I wasn't referring to the added weight of the bicycles, which is quite minimal. If you look at the picture in the first post you can see that this adaptor places the towed trailer further away from the towing vehicle.

That is what will cause weight issues. Think of a lever and a fulcrum - the further out you put the weight on the lever, the more leverage you have.

Looking at my (very crude) drawing, you can see a lever and a fulcrum on the top. The bottom shows what happens when you push the weight out on the "lever" (your extended hitch) without a fulcrum supporting it.

Extending the hitch and hauling a heavy Travel trailer puts to much stress on your hitch and can lead to hitch failure. You may not notice it at first, but it will bend/break your hitch on the TV.
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Old 07-15-2007, 12:11 PM   #23
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Thanks all. Very good responses.

One alternative no one mentioned was to carry the bicycles on the roof of the TV. Any comments on doing this? My wife wants to carry them on the TV roof, but I'm afraid she will tire very quickly of lifting then up onto the roof.

Thanks,
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Old 07-15-2007, 12:14 PM   #24
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Absolutely correct, I attended a "Physics of Towing" seminar at Perry and they went into a lot of detail about this.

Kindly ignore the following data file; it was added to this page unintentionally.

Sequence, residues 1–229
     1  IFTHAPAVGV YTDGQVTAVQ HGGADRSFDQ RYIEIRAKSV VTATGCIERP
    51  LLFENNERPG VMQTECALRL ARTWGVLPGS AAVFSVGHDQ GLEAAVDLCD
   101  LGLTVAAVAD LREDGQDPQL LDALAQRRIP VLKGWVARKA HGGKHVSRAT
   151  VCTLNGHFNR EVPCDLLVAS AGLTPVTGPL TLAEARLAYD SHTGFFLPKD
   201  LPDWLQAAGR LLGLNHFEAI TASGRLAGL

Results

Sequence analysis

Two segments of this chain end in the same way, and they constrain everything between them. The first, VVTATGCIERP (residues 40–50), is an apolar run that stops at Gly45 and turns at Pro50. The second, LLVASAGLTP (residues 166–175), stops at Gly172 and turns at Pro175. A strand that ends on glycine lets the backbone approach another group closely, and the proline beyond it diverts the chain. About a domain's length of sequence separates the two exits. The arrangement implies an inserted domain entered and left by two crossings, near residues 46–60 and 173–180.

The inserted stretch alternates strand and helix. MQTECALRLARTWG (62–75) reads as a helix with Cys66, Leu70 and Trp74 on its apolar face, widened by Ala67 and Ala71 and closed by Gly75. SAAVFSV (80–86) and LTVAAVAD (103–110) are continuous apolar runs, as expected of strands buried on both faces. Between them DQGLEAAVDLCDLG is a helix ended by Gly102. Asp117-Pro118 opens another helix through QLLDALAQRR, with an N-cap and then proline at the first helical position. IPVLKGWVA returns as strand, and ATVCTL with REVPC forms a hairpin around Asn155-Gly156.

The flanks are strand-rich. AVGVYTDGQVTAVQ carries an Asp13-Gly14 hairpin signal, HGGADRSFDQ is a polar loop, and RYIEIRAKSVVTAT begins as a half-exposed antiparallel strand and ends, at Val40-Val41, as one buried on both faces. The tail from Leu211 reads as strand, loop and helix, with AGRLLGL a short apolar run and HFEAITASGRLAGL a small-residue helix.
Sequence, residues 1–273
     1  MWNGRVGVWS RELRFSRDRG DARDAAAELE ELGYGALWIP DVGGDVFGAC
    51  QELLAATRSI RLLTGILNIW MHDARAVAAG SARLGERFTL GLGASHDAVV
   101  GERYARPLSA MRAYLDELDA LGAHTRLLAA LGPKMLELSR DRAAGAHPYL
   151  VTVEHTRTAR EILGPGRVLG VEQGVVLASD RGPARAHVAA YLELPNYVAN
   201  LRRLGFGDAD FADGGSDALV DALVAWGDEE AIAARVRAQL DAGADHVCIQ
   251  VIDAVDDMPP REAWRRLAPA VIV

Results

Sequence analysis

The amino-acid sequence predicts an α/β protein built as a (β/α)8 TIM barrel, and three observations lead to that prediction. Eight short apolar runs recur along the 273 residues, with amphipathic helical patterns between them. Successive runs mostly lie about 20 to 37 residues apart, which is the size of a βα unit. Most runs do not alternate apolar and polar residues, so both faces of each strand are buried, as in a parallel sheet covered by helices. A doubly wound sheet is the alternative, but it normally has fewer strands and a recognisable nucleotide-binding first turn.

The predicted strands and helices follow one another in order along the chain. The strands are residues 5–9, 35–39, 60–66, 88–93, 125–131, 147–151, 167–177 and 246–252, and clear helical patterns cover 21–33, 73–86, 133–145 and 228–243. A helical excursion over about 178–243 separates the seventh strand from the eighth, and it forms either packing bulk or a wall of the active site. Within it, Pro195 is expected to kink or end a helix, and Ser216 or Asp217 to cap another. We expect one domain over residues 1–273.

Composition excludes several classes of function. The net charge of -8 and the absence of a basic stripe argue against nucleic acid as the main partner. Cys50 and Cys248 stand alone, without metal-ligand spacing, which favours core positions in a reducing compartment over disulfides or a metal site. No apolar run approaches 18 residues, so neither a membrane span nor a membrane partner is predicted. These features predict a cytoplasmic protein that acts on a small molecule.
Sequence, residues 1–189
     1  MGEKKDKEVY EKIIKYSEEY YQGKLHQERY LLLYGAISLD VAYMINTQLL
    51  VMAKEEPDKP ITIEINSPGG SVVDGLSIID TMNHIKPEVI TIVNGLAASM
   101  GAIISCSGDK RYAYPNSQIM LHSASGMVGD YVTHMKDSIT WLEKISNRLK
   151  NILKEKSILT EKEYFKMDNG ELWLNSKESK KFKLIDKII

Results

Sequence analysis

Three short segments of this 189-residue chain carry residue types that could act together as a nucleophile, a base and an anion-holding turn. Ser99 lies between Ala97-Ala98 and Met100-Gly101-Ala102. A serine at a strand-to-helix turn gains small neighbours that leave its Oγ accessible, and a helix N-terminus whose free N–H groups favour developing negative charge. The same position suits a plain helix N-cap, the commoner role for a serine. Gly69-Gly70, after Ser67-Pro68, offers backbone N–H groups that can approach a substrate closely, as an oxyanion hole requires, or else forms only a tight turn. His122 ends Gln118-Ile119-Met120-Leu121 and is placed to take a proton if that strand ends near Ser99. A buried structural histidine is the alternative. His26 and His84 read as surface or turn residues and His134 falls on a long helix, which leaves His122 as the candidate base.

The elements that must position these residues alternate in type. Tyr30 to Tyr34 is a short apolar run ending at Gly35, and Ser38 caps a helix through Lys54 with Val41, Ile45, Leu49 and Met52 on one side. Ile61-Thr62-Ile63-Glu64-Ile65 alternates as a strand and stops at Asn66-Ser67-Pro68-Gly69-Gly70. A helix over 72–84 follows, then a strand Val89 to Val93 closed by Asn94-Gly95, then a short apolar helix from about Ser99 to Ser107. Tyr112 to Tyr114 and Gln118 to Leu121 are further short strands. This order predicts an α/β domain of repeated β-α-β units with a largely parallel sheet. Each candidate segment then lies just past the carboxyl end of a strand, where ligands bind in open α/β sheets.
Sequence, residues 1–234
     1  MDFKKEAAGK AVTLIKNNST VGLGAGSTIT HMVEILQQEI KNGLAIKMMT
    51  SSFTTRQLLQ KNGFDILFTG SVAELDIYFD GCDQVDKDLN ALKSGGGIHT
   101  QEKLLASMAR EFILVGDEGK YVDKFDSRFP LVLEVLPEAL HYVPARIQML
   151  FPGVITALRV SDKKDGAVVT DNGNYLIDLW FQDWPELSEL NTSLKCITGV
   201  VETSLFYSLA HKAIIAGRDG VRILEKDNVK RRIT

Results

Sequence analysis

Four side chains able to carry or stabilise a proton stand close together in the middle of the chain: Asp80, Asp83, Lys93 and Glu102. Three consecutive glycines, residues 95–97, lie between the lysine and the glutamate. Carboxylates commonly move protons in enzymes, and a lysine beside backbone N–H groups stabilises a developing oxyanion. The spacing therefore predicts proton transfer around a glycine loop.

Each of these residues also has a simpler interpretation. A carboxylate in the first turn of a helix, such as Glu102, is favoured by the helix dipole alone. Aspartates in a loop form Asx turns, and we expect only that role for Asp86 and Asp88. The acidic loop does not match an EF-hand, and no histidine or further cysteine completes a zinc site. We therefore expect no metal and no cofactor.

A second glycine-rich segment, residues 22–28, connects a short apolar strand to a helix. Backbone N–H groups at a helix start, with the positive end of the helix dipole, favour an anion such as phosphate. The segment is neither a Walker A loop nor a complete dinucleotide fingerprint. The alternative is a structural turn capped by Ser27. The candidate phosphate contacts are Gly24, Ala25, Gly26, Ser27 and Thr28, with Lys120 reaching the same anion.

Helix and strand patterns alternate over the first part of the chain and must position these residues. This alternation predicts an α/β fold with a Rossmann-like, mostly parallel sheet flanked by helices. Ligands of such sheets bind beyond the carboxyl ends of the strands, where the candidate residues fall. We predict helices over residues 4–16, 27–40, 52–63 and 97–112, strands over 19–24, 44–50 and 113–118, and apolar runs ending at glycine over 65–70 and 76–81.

If you can shorten up your hitch/drop bar an inch or two it will help with sway etc.
I'm having my drop bar modified to save 4" it will cost about $75 but if I have better control money is nothing.

So make it longer is just not the thing to do.

Put the bikes on the back of your TT
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Old 07-15-2007, 12:19 PM   #25
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Quote:
Originally Posted by neil.ervin
Thanks all. Very good responses.

One alternative no one mentioned was to carry the bicycles on the roof of the TV. Any comments on doing this? My wife wants to carry them on the TV roof, but I'm afraid she will tire very quickly of lifting then up onto the roof.

Thanks,
I think you answered your own question, it is a pita to get them on and off, not to mention the wind resistance <mpg.
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Old 07-15-2007, 12:44 PM   #26
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Bob,

We used to carry a canoe on the roof and I never could figure a way to reduce the wind noise transmitted through the roof. I tried twisting the straps but there still was the noise. The noise may be something to think over and possibly some other posters have found a noiseproof method they will share.
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Old 07-15-2007, 01:38 PM   #27
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Do you mean the noise from the straps or the canoe?

The straps are tricky, too much twist is amost as bad none.

My canoe made no noise once I founf that out.
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Old 07-15-2007, 03:34 PM   #28
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Like many others here, we have tried many things. We did put a receiver on the front of our TV, and that works great. The only issue I have, and welcome any suggestions, is finding a bike rack that supports the bikes from the wheels, versus the cross bars.

Several years ago we purchased foldable bikes (Bike Friday), but in truth I hate to fold them up. I'd rather mount them on the front - if I could only find a rack that supported from the wheels.

At present, I end up carrying bikes on our roof. With a 4X4 Ford Excursion, this is no prize.